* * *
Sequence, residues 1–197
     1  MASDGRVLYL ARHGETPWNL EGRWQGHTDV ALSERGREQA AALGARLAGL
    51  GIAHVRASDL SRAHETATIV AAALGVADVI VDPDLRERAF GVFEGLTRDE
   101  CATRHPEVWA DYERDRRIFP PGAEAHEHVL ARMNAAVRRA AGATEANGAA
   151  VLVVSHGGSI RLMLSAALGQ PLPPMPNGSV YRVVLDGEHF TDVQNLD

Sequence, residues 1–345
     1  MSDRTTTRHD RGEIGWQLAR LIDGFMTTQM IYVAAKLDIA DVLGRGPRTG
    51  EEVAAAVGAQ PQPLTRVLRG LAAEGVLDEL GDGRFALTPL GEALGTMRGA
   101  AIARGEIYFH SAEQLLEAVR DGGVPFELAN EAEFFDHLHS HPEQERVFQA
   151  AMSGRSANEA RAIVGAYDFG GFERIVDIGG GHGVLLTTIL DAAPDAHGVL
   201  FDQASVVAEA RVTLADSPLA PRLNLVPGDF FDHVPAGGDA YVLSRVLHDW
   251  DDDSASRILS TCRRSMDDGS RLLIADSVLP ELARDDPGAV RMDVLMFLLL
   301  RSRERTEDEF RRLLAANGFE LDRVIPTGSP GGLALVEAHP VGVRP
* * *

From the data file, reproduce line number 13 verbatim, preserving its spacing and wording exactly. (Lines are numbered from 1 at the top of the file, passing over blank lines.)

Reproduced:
   301  RSRERTEDEF RRLLAANGFE LDRVIPTGSP GGLALVEAHP VGVRP